The administrative structure did not collapse and intervened to support caregivers

Nine interviewees said that the phase of alert was a time of tension between caregivers and administrators due to differences in the perception of the emergency. The caregivers wanted to recruit and train healthcare workers as early as the start of March—when public hospitals in Eastern France and other Parisian hospitals were already overwhelmed—but they had the impression that management wished to delay the decision. However, this phase did not last long, and the caregivers interviewed emphasised that they had received support from the administrative structures. Fourteen interviewees (three managers, four head nurses and seven physicians) expressed surprise that they found themselves able to work well with managers (for physicians and head nurses) and with hospital staff (for managers) during the crisis. This was particularly true for the members of the crisis committee, which brought together hospital management and doctors. Both managers and physicians felt that the physicians had made the major decisions regarding bed openings and patient transfers, whereas the managers had endorsed expenditure requests, provided they could be justified. Managers declared that this effective collaboration was facilitated by the declaration of the president of France during the announcement of the first lockdown that France would ‘wage this war’ against the virus ‘whatever the cost’. However, six of the healthcare professionals (HCPs) interviewed (1/4) deplored the cessation of this collaboration at the end of the first wave, and criticised the rapidity with which management resumed control thereafter. They feared that nothing would be learnt from this improvement in relations between management and HCPs.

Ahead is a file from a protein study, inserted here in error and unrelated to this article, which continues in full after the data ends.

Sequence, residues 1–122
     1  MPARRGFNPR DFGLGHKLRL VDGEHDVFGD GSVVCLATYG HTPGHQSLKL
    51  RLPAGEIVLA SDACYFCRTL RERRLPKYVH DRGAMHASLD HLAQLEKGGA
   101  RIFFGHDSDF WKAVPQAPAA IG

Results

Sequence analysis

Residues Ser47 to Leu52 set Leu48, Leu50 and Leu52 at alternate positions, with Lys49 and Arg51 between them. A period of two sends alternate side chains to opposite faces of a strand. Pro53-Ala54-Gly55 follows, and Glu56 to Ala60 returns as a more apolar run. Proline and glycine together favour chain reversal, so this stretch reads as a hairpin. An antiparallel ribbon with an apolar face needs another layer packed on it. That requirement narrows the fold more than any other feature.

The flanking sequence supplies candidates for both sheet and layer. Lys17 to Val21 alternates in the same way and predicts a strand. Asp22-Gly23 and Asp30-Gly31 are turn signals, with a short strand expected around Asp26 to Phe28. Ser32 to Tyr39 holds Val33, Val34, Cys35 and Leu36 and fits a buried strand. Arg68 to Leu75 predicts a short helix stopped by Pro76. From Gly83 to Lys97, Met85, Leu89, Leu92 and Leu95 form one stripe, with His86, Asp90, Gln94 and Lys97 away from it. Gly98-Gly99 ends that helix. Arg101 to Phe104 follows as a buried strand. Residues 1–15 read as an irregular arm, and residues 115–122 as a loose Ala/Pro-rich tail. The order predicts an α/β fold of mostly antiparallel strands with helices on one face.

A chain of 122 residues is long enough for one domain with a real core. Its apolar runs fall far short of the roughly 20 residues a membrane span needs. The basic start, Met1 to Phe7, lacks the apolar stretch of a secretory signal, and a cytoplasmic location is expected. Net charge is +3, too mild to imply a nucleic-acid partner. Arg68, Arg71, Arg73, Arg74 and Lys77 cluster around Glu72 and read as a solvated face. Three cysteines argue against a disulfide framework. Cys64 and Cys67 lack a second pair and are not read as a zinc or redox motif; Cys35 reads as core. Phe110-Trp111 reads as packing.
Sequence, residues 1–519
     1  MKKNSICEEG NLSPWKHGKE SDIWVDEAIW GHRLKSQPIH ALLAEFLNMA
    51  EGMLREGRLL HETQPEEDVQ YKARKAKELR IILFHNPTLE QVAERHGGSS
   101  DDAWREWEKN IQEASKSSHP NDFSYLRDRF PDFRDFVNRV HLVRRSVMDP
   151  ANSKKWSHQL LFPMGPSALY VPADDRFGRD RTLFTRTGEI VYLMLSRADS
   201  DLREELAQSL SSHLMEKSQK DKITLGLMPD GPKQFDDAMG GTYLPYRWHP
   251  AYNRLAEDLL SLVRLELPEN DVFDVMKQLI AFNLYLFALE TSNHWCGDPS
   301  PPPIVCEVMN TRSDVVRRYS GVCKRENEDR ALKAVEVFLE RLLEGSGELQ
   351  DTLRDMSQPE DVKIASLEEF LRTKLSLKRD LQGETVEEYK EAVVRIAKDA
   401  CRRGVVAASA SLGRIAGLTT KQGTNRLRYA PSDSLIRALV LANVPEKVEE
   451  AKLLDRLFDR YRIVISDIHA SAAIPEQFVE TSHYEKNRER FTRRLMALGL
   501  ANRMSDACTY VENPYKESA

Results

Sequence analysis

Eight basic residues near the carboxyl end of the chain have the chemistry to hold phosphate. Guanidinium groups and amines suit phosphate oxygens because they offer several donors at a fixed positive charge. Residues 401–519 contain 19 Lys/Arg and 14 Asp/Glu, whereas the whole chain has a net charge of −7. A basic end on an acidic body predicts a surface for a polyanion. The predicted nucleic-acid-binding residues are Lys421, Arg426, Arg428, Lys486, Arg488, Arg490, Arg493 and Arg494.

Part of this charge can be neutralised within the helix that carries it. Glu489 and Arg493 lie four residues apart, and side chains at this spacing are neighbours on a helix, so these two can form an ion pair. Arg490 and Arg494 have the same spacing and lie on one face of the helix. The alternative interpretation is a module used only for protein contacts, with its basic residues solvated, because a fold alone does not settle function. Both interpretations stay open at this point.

Good coordination and communication are key for the management of crises. However, published studies have anticipated a risk of organisational collapse in such contexts, which may impede such efforts.3 No such organisation collapse happened at our hospital during the COVID-19 crisis. Our qualitative analysis of the organisational response of a university hospital during the first wave of the COVID-19 pandemic revealed the emergence of exceptional mobilisation and collaboration, with changes in management practices based on the principle of subsidiarity, and without collapse of the administrative structure, which intervened to support caregivers.